A continuum of engagement: A focus on the individual to a focus on the collective

A continuum of engagement

A definition of community engagement by the Department of Environment, Land, Water and Planning [1] reminds us that community engagement has a focus on the collective rather than the individual:

Community engagement… is a planned process with the specific purpose of working with identified groups of people, whether they are connected by geographic location, special interest or affiliation, to address issues affecting their well-being. Linking the term ‘community’ to ‘engagement’ serves to broaden the scope, shifting the focus from the individual to the collective, with associated implications for inclusiveness, to ensure consideration is given to the diversity that exists within any community (p. 3).

Moore, McDonald, McHugh-Dillon, and West [2] argue that:

It is important to note that the difference between engaging individuals and engaging communities is more than just an economy of scale. A community is more than simply a group of individuals. We engage communities in order to improve outcomes for communities and we seek improved outcomes for communities not only as a means of improving outcomes for individual, but also to bring about change in the community itself: to improve the social fabric that provides us with a sense of belonging and connection. (p. 6)

Moore and his colleagues discuss community engagement in the context of improving outcomes for families, and their claim does not apply to all community engagement. For example community development by mining companies is often about a social licence to operate [3] rather than improving the social fabric. At the same time, the quote reinforces the notion that community engagement is more than a focus on the individual.

It may be helpful to think of community engagement as being on a continuum from a focus on the individual to a focus on the collective (see above).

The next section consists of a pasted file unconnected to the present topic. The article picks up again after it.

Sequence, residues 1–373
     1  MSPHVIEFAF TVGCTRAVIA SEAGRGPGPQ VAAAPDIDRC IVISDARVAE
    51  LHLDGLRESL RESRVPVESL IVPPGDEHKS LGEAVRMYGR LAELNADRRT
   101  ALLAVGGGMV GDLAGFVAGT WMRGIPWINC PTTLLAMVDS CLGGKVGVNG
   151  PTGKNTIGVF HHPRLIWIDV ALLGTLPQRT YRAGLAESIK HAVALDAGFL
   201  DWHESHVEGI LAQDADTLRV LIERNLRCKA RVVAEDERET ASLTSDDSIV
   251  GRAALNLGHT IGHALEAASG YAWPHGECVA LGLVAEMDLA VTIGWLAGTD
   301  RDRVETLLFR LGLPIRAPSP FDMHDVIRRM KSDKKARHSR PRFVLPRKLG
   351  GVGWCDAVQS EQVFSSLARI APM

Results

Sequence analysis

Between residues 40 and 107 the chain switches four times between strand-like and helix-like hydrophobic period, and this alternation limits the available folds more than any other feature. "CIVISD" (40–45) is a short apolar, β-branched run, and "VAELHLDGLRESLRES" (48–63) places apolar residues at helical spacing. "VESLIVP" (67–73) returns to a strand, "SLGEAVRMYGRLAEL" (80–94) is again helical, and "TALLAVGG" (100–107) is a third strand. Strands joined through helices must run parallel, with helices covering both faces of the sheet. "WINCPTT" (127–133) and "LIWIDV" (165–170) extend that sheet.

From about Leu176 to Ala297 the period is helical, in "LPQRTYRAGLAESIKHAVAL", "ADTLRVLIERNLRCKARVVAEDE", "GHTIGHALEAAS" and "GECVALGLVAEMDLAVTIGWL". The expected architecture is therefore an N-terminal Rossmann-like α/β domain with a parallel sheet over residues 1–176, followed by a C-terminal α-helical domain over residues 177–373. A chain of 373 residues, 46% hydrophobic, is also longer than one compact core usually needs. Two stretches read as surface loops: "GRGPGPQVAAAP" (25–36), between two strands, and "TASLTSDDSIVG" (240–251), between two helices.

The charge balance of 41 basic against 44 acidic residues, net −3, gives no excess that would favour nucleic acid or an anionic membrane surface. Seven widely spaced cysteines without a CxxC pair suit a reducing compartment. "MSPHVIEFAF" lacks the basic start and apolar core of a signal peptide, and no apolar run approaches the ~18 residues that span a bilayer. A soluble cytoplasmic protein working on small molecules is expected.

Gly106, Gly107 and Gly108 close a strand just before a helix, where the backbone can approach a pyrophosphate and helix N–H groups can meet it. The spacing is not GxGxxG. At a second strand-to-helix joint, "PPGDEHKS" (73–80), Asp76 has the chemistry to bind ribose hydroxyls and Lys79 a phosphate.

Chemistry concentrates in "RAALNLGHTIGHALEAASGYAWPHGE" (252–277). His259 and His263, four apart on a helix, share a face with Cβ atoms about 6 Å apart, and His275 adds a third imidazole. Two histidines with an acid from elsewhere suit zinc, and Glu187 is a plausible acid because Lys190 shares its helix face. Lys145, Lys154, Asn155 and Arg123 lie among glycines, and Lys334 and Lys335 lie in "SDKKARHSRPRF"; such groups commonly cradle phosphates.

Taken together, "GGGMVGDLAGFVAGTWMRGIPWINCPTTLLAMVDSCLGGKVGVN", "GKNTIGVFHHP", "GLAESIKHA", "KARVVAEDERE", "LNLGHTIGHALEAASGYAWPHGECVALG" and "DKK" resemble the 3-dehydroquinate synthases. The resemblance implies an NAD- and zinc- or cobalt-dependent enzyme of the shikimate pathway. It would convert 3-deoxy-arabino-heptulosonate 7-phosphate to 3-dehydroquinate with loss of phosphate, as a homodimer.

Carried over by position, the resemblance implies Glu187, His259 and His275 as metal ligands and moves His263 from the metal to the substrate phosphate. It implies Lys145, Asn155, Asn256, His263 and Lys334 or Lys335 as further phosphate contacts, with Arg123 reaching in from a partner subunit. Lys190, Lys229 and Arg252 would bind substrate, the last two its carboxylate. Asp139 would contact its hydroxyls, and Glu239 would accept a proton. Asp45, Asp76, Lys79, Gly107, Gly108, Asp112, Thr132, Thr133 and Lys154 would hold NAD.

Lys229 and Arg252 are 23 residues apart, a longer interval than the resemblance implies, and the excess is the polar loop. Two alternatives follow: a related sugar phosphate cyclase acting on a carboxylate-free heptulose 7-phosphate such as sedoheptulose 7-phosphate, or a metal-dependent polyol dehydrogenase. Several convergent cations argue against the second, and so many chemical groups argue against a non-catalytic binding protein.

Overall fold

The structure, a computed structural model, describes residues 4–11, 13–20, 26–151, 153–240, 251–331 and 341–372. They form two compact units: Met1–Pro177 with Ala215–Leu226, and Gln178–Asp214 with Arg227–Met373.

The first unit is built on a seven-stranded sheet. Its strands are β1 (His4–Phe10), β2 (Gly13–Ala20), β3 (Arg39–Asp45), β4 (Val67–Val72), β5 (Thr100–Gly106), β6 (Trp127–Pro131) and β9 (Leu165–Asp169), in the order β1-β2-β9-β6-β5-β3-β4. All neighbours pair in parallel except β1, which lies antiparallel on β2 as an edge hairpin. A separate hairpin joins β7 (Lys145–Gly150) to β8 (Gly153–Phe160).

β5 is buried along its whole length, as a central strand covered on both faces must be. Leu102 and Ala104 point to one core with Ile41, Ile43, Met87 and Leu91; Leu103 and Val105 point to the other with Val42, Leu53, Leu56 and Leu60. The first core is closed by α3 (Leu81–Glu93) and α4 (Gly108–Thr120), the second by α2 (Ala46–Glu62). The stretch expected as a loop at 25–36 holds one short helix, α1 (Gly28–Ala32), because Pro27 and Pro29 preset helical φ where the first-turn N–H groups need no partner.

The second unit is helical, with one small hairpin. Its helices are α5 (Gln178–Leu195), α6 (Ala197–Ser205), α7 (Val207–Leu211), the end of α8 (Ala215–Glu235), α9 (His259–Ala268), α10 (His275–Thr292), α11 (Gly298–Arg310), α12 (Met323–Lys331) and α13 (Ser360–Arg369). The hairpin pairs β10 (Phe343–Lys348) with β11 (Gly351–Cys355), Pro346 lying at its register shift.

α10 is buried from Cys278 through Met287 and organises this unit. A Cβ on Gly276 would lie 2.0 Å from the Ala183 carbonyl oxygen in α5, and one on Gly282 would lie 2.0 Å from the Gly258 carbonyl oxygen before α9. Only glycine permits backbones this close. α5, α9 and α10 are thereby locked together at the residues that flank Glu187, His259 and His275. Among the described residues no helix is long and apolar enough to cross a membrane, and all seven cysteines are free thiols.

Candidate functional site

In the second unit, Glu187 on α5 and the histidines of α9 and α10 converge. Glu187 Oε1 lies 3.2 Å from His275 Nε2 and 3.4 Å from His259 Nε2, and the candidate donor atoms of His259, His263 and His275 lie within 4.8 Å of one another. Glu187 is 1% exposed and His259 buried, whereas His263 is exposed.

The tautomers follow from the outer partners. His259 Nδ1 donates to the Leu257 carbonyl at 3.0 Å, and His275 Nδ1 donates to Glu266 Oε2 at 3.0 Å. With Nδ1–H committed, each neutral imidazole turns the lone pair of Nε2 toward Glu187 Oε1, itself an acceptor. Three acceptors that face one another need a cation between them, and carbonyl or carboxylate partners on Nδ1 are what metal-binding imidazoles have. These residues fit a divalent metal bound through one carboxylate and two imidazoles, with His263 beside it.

There are not clear boundaries between engaging individuals, engaging families, engaging employees and engaging communities. (The above continuum only includes individual, family and community engagement, but other types of engagement could easily be added.)

Broad definitions of community make the boundaries between various types of engagement more confusing. For example, community can include school communities [4-6]; an industry based community of interest [1] could include a work community, and online communities are frequently identified as sites for community engagement [7, 8].

The fuzzy boundaries create challenges in deciding if something is community engagement. If we take a school as a community, it could be argued that a classroom teaching engaging students in their class is an example of community engagement. Even though it is clearly engagement, and could have quite a focus on the collective, the case for calling it community engagement is much weaker because the “community” being engaged is very narrow. Just because an engagement process is further up the collective end of the continuum, doesn’t necessarily mean it is community engagement.

As the quotes at the start of the post suggest, however, there does need to be some focus on the collective for it to be community engagement. This is one reason that providing information and marketing are not community engagement in their own right.

Processes that are clearly community engagement can also move up or down the continuum. Some community engagement has a greater focus on individuals and some has a greater focus on the collective.

If we consider the Spectrum of Public Participation, a survey of community members at the Consult level has a much greater focus on the individual (because it is collecting the responses of individuals with no interaction) than an interactive workshop at the Collaborate level. Even some processes at the Empower level can have a focus on the individual. As the spectrum moves to the right, the public has a greater impact on the decision, not greater engagement in the process. So a ballot (e.g., a referendum) is at the Empower level, but again the focus is on individual responses, not collective processes